Author(s): Lehwald N, Duhme C, Wildner M, Kuhn S, Frst G,
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Abstract BACKGROUND: The molecular mechanisms of haematopoietic stem cells (HSC) mobilization and homing to the liver after partial hepatectomy (PH) remain largely unexplored. METHODS: Functional liver volume loss and regain was determined by computerized tomography (CT) volumetry in 30 patients following PH. Peripheral HSC mobilization was investigated by fluorescence-activated cell sorting (FACS) analyses and cytokine enzyme-linked immunosorbent assay assays. Migration of purified HSC towards hepatic growth factor (HGF) and stroma-derived factor-1 (SDF-1) gradients was tested in vitro. Mice after 70\% PH were examined for HSC mobilization by FACS and cytokine mRNA expression in the liver. FACS-sorted HSC were administered after PH and hepatocyte proliferation was evaluated by immunohistochemical staining for Ki67. RESULTS: Impaired liver function was noted after extended hepatic resection when compared to smaller resections. Patients with large liver resections were characterized by significantly higher levels of peripheral HSC which were positively correlated with the extent of resected liver volume and its regain after 3 weeks. Increased plasma levels of HGF, SDF-1 and insulin like growth factor (IGF-1) were evident within the first 6 hours post resection. Migration assays of human HSC in vitro showed a specific target-demonstrated migration towards recombinant HGF and SDF-1 gradients in a concentration and specific receptor (c-Met and CXCR4) dependent manner. The evaluation of peripheral human alpha foetoprotein expression demonstrated pronounced stemness following increased CD133(+) HSC in the course of liver regeneration following PH. Our human data were further validated in a murine model of PH and furthermore demonstrated increased hepatocyte proliferation subsequent to CD133(+) HSC treatment. CONCLUSION: HGF and SDF-1 are required for effective HSC mobilization and homing to the liver after hepatic resection. These findings have significant implications for potential therapeutic strategies targeting chemotactant modulation and stem cell mobilization for liver protection and regeneration. © 2013 John Wiley & Sons A/S. Published by John Wiley & Sons Ltd.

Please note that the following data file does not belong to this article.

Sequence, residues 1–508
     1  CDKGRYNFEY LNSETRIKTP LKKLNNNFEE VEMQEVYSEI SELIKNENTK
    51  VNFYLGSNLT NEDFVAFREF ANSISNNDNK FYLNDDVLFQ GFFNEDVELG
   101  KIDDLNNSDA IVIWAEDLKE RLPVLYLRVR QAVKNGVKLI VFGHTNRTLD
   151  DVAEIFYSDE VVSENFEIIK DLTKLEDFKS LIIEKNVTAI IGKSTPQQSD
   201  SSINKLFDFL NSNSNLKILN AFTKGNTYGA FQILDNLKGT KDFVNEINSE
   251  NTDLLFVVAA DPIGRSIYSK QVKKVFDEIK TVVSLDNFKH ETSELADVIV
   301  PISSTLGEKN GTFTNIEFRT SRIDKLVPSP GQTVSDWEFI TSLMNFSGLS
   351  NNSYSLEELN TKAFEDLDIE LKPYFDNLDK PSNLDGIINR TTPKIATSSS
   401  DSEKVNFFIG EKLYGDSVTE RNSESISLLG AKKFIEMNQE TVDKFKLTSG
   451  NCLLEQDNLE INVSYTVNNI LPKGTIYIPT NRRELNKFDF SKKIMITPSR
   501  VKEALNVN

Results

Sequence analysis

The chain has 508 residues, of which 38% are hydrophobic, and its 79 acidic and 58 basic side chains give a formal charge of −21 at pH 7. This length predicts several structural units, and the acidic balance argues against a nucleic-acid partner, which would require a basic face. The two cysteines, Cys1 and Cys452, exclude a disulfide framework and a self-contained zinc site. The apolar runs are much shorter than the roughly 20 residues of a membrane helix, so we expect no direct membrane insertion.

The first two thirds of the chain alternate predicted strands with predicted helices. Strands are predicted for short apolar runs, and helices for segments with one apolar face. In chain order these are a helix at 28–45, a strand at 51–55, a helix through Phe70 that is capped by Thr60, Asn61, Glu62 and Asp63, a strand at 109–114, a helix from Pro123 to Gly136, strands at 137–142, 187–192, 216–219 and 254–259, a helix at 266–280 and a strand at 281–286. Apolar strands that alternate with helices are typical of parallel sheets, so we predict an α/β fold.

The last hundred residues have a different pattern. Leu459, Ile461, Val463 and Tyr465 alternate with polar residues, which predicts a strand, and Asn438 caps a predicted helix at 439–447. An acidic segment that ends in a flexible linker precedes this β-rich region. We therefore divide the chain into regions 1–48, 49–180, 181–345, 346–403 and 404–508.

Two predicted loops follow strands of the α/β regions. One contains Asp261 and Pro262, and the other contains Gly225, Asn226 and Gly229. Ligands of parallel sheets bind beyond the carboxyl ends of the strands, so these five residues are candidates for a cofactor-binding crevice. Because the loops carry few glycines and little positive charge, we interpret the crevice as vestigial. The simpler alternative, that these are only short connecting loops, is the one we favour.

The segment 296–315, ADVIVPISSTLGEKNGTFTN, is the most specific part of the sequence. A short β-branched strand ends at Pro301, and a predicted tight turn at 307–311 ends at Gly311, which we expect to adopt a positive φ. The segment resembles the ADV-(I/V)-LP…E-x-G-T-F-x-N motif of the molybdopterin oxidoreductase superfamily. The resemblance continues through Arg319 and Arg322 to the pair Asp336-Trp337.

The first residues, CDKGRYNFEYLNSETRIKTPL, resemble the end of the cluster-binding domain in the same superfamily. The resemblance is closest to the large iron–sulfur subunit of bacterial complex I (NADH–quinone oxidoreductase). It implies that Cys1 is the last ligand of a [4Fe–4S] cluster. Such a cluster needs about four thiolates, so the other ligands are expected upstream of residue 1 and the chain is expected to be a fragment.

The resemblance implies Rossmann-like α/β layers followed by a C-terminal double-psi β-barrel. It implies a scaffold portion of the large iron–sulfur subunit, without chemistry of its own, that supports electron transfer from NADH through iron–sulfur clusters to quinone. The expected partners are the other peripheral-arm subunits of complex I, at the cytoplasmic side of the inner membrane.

This article was published in Liver Int
and referenced in Advancements in Genetic Engineering